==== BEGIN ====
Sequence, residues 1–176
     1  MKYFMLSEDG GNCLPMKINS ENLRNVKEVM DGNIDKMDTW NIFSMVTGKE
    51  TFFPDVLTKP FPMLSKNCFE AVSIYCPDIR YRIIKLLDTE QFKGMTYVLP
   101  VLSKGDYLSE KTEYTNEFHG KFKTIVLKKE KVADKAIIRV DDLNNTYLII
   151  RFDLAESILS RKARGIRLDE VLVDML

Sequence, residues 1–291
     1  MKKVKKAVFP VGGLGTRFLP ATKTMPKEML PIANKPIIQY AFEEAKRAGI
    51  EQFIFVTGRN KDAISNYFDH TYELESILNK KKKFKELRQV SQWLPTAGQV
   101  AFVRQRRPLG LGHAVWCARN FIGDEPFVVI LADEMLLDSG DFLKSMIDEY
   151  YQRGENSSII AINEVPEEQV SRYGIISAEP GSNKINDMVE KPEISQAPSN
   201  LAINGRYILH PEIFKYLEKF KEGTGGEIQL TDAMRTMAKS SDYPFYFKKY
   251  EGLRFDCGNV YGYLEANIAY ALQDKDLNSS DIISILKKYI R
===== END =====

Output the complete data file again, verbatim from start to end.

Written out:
Sequence, residues 1–176
     1  MKYFMLSEDG GNCLPMKINS ENLRNVKEVM DGNIDKMDTW NIFSMVTGKE
    51  TFFPDVLTKP FPMLSKNCFE AVSIYCPDIR YRIIKLLDTE QFKGMTYVLP
   101  VLSKGDYLSE KTEYTNEFHG KFKTIVLKKE KVADKAIIRV DDLNNTYLII
   151  RFDLAESILS RKARGIRLDE VLVDML

Sequence, residues 1–291
     1  MKKVKKAVFP VGGLGTRFLP ATKTMPKEML PIANKPIIQY AFEEAKRAGI
    51  EQFIFVTGRN KDAISNYFDH TYELESILNK KKKFKELRQV SQWLPTAGQV
   101  AFVRQRRPLG LGHAVWCARN FIGDEPFVVI LADEMLLDSG DFLKSMIDEY
   151  YQRGENSSII AINEVPEEQV SRYGIISAEP GSNKINDMVE KPEISQAPSN
   201  LAINGRYILH PEIFKYLEKF KEGTGGEIQL TDAMRTMAKS SDYPFYFKKY
   251  EGLRFDCGNV YGYLEANIAY ALQDKDLNSS DIISILKKYI R